Simple test for you to try. Take 'Frere Jacques', a well known song. Re-write it in 3 time.Ask a player to play it. Chances are that it will sound very different. That's because the emphasis in a song comes on the first note of a bar.Particularly notable when words are involved ! In 4 this is every 4, in 3, every 3.It also puts the 'main' notes in different places in he bars, which will mess up the harmonies.

Tunes used specifically for dancing will be badly affected. They rely heavily on the dancers knowing or feeling where 'no. 1 beat' is. Yes, in theory it COULD work, but in practice, generally, it won't.

3-legged race, anyone ?

1

I play fiddle for Morris Dancing. There is a tune from the village of Bampton called Old Woman Tossed Up (In a Blanket, presumably). It is written in 6/8, but it sounds like it was a 9/8 tune which was rebarred haphazardly. Many of the old Morris Dances have odd rhythms, as they were collected by and from people who were really drunk, so anything is possible. I've been playing that tune for between 10 and 20 years, and still can't get it right. Right now I would have to look it up in the book.

So, the tune has a rhythm, especially simple folk tunes, and the notation doesn't change it. Or, another way, the notation (3/4 X 4 bars vs. 4/4 X 2 bars, or 6/8 vs. 9/8) doesn't change the rhythm.

I hope this make sense.

0

The difference of most measures comes from dances. Music has been developed and performed at all time by dancing. (Back to king David in the Bible).

Before the waltz came up there were the menuets. Try to dance a waltz to march or try marching (or jogging) to a waltz.

The measure is not depending of the sum of beats, but of the rhythm of lyrics and the melody and the swing in the tune and the melodic elements, the motives, which have also rhythm move or drive.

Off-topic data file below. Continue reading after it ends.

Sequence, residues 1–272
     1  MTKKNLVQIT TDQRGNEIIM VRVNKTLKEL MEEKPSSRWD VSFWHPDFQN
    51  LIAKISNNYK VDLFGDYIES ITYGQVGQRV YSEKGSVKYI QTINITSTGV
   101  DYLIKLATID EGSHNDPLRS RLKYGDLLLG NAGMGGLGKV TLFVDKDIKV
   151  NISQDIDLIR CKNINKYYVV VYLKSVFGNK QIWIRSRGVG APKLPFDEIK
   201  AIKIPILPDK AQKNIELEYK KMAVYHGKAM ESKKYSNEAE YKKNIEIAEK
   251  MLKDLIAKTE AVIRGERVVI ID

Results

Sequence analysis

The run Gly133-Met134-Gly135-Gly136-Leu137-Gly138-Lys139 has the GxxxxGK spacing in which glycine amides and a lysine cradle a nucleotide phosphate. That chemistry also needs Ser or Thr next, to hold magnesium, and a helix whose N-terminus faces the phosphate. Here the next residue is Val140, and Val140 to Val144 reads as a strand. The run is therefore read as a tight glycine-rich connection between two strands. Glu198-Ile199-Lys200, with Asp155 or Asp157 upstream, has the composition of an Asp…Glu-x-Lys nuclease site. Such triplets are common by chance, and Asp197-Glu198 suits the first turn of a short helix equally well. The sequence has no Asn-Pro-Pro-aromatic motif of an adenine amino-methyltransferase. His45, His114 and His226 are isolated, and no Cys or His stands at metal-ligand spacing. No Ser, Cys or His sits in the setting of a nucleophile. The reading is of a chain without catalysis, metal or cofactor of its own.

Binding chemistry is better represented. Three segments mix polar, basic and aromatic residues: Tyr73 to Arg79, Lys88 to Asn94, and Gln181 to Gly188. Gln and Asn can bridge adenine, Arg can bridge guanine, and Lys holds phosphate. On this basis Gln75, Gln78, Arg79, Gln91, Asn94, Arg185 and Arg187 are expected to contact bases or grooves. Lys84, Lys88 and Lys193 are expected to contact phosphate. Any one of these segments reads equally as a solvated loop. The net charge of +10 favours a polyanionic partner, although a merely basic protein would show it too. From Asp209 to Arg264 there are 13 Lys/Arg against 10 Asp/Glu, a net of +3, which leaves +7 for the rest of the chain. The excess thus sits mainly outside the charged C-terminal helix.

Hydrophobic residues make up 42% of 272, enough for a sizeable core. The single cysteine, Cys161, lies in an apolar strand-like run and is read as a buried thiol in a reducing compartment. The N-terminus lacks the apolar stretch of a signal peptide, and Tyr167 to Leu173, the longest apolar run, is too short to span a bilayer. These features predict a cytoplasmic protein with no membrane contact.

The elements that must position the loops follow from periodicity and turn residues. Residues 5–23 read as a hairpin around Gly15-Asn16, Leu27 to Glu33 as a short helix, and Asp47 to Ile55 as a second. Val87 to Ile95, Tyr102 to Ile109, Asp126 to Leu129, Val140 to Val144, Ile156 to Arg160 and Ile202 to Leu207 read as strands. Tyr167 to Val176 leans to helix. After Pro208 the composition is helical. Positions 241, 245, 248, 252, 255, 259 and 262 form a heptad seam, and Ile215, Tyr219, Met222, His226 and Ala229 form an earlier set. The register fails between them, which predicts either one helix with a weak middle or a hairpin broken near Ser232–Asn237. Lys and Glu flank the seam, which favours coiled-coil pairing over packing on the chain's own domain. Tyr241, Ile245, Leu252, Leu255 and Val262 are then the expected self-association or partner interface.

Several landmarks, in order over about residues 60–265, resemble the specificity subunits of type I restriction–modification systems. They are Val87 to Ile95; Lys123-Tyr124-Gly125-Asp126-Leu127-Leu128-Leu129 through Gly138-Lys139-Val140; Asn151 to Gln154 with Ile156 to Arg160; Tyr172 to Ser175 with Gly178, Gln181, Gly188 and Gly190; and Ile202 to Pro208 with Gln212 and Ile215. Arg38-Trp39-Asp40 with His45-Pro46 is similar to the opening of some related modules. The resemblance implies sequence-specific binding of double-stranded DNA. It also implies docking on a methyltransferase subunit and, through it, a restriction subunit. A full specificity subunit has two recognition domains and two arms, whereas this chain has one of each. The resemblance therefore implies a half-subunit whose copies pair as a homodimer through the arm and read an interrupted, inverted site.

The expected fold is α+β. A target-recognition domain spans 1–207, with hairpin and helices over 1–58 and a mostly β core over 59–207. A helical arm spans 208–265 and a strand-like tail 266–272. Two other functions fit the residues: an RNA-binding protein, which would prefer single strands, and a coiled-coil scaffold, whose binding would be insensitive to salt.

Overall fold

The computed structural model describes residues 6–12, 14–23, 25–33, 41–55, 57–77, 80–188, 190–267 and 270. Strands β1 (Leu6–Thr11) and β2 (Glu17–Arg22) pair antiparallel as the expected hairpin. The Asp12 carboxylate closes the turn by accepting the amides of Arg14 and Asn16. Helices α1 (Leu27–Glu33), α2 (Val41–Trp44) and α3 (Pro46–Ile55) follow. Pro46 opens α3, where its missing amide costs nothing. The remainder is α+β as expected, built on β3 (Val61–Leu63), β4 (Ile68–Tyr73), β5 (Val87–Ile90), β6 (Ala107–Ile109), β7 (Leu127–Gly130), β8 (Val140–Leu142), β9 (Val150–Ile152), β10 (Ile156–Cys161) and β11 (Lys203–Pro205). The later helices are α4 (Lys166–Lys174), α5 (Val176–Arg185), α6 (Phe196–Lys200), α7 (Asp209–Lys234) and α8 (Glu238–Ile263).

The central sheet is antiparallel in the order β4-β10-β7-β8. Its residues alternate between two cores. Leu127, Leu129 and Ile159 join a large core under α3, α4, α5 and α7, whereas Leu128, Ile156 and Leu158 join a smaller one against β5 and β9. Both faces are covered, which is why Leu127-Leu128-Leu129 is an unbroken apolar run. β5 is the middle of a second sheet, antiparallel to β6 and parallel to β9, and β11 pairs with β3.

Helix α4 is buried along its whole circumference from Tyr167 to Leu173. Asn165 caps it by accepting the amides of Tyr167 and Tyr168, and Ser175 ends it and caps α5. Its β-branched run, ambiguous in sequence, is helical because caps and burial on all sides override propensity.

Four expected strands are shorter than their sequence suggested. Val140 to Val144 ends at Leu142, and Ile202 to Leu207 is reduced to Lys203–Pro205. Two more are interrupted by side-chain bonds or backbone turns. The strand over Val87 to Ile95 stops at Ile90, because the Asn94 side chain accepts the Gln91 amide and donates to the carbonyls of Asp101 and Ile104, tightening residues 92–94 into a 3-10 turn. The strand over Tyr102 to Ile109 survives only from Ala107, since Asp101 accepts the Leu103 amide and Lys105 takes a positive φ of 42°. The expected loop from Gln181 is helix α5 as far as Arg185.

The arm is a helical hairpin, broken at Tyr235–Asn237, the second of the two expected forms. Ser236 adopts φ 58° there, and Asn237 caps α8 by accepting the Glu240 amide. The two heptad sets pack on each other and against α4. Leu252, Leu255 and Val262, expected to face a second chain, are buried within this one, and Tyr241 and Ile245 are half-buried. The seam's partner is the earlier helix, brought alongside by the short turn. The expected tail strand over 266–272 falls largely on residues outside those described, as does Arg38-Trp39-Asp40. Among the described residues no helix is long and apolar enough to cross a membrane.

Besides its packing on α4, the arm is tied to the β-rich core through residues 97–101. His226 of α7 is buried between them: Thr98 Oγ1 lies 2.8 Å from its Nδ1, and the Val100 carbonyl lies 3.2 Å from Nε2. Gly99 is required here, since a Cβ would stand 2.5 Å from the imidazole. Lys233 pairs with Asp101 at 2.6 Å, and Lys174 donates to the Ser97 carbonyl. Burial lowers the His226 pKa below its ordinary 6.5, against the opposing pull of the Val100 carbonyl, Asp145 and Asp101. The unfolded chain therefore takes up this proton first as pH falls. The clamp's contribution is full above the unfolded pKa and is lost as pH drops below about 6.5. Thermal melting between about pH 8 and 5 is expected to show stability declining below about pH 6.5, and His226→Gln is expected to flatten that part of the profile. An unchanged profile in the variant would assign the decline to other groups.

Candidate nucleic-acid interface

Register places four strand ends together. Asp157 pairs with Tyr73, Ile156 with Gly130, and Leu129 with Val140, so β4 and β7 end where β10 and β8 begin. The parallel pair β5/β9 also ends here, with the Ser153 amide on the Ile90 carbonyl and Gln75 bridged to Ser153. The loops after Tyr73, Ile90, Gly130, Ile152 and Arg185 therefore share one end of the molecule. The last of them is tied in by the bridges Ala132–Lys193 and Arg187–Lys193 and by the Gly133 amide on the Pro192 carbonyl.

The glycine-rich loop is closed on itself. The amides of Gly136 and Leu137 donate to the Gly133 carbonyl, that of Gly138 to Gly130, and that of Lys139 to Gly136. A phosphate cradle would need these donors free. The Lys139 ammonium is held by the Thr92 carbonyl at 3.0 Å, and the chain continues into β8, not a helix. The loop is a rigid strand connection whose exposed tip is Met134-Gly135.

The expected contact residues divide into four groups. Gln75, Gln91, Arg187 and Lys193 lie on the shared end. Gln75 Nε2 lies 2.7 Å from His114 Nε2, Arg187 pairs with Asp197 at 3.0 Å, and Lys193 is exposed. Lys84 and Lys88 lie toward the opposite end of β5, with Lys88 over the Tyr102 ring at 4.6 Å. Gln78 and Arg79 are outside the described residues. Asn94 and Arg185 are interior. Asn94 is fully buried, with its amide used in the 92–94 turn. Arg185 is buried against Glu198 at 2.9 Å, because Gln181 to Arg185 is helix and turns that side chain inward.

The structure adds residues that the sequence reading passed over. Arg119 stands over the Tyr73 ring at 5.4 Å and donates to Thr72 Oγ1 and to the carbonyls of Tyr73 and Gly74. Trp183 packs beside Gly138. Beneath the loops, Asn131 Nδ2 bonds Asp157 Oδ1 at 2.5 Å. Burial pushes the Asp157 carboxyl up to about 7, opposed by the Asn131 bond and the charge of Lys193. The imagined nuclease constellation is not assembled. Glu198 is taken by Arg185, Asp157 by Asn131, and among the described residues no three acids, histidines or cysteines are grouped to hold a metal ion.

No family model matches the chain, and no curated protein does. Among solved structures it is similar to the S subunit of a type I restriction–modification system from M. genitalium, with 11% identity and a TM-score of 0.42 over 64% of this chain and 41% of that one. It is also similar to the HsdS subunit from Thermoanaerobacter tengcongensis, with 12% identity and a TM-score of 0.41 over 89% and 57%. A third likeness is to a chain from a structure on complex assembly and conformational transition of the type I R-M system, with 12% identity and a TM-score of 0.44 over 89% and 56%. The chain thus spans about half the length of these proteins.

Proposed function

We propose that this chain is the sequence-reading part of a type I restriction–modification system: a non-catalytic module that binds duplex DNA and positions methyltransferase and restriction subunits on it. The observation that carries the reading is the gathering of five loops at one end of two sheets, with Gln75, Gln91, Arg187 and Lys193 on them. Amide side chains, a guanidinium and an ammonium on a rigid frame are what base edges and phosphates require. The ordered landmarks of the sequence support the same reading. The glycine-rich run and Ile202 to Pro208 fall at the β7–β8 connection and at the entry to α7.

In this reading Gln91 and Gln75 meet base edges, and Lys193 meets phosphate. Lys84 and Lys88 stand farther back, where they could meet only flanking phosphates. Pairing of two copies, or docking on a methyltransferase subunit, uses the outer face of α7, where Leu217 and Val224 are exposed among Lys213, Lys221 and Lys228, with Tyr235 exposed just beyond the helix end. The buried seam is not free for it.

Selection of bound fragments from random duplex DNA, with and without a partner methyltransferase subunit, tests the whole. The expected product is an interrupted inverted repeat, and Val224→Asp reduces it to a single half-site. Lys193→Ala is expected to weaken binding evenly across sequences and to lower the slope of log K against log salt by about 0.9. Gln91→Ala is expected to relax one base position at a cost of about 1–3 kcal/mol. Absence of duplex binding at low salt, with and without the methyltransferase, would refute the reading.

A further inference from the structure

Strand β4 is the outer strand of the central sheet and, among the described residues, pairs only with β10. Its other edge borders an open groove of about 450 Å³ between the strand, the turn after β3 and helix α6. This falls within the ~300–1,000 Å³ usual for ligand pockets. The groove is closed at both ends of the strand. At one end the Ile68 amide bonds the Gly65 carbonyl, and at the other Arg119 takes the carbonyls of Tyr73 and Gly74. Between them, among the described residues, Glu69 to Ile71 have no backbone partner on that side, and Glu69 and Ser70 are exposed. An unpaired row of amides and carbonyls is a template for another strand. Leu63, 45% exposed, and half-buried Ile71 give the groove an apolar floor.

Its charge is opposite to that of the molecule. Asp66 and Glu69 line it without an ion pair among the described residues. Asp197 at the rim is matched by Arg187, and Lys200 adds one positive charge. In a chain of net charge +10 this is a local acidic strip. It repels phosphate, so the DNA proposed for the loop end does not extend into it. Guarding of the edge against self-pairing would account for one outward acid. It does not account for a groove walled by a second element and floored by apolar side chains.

I remember a pop adaption of Bernsteins „I like to be in Amerka“ in a 2/4 style, it wasn‘t the same song anymore.

What you are talking about is math - not music.

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Back a few hundred years, it was common for music to insert a bar or two of 3/4 into a basically 4/4 piece (or vice versa). Often two parts would effectively be in different time signatures. The term for this is hemiola.

Wikipedia describes this far better than I can: http://en.wikipedia.org/wiki/Hemiola

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    Also, a hemiola switches between 6/8 and 3/4 (or two bars of 3/4 and 3/2, or possibly 10/8 and 5/4 etc.) but it doesn't make sense for power-of-two meters. – leftaroundabout Aug 21 '14 at 8:51
  • ... and you don't need to go back a few hundred years. Lots of modern music (even rock/pop) sometimes slips a 3/4 bar into 4/4 songs. – slim Aug 21 '14 at 9:43
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    ...and 5/4...and all sorts. Listen to Closest thing to Crazy. – Tim Aug 21 '14 at 9:44
  • It's not even really "switching" time signatures. It's just using accents and rests to give the meter a different feel. – Ely Beau Eastman Aug 21 '14 at 14:00
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Unlike most of the people answering, I don't think that is all about emphasis. You can make the timing whatever you want and musicians will fall in line. The question is why you would want to make things hard for them. Making complicated time structure makes things hard for musicians. If there is a reason to do this, then good speed to you. But if not, then I ask you why do you want to do this.